by Margaret C.
His Life and Universe, by Walter Isaacson is a biography on Albert Einstein that transforms his image from an isolated genius with and advanced brain into an accessible and relatable human being. Instead of painting a portrait of an intellect that exceeds human capacity, he is portrayed as a quirky man with typical human experiences. From his personal letters that were released in recent years we find that Einstein struggled with making his way in the world just like the rest of us. He experienced failure, which left him in despair and feeling as though he had no purpose.
Eventually, he acquired a 9 to 5 job in order to survive, but he developed his theories in his spare time, as well as when his boss wasn’t looking. He made friends with like-minds who functioned as conductors to his postulations and he eventually established his career within the field of physics. Isaacson also emphasizes that Einstein’s genius stems from his imagination and creativity, rather than his mathematics. It is encouraging to know that some of the greatest contributions to science and humankind came from a brilliant imagination.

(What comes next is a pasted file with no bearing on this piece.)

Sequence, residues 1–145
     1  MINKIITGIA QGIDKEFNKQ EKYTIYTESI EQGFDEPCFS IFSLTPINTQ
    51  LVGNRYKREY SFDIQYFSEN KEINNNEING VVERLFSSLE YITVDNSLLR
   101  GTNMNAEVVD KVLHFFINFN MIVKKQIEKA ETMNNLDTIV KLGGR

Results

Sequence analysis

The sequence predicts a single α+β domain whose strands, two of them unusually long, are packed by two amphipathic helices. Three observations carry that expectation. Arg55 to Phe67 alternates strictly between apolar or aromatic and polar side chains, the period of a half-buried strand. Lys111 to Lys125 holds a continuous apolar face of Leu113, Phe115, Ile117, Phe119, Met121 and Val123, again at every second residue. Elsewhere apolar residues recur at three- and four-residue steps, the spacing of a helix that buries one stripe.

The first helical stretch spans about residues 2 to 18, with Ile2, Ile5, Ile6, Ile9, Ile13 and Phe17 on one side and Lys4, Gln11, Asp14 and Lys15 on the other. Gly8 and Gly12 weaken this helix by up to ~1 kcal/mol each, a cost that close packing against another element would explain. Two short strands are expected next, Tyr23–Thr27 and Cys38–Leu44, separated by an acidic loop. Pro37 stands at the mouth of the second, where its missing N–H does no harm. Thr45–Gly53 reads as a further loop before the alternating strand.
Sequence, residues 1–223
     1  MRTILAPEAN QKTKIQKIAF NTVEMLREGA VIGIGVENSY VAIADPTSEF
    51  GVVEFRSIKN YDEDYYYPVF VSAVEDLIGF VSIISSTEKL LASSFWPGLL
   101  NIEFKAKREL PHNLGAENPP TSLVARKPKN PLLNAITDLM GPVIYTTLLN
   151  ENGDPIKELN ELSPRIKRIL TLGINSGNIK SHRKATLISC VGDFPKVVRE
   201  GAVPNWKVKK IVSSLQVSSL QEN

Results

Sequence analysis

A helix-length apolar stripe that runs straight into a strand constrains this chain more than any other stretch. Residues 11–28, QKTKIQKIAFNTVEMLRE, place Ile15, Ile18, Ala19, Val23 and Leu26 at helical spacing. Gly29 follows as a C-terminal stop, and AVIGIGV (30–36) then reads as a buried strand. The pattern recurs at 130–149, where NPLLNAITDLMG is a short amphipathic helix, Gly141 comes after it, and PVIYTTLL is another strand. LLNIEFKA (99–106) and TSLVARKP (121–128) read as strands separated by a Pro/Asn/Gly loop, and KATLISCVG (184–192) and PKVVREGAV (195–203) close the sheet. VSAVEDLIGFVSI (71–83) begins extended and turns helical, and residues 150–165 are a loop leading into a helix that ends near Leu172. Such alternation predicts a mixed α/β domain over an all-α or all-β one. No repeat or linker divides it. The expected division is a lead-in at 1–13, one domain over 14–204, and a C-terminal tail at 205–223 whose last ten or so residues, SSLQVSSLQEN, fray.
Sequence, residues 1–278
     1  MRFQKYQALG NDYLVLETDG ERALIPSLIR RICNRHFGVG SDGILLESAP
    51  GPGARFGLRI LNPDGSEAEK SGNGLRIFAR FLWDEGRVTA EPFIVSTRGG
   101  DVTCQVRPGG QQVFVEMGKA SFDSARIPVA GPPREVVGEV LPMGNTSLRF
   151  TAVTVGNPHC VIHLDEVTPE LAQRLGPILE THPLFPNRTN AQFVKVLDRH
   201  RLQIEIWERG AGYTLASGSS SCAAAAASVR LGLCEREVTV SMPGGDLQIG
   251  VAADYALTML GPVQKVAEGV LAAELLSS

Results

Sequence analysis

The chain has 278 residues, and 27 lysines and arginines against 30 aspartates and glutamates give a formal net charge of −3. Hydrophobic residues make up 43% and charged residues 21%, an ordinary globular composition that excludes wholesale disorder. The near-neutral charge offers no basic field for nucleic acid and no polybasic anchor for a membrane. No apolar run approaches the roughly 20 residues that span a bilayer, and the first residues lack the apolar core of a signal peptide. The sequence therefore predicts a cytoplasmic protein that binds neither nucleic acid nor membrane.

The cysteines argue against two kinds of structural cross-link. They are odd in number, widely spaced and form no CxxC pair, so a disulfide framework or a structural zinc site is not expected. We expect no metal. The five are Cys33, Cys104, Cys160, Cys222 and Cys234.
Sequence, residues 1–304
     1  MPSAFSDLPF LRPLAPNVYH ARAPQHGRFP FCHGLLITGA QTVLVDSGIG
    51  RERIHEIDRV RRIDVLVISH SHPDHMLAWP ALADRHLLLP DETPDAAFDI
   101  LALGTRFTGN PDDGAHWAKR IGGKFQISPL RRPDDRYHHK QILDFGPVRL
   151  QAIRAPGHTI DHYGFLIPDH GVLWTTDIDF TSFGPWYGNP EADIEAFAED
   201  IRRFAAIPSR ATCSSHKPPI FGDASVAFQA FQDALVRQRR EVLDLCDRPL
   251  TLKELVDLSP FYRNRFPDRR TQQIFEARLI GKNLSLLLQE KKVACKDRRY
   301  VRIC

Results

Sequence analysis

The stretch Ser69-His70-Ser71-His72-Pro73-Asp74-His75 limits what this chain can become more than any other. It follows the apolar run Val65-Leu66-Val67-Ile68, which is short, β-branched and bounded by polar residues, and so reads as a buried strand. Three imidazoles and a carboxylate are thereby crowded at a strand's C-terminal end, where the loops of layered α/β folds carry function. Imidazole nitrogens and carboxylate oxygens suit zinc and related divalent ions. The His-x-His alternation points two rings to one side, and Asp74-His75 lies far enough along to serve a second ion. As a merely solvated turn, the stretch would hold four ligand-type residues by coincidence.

What I love about this book is that it encourages the reader to obtain greatness through the means of imagination, dedication, friends and relentlessness. There is no need for an advanced portion of the brain in order to succeed; we are all going to struggle in life with or without an anatomical anomaly. But it is through suffering and struggle that our talents and passions learn to survive and eventually flourish, which Einstein’s life effectively demonstrates. Historically, Einstein’s genius has been separated from the rest of the human race, but you will find that this biography puts it within our reach.
Isaacson, Walter. His Life and Universe. New York: Simon & Schuster, 2007. Print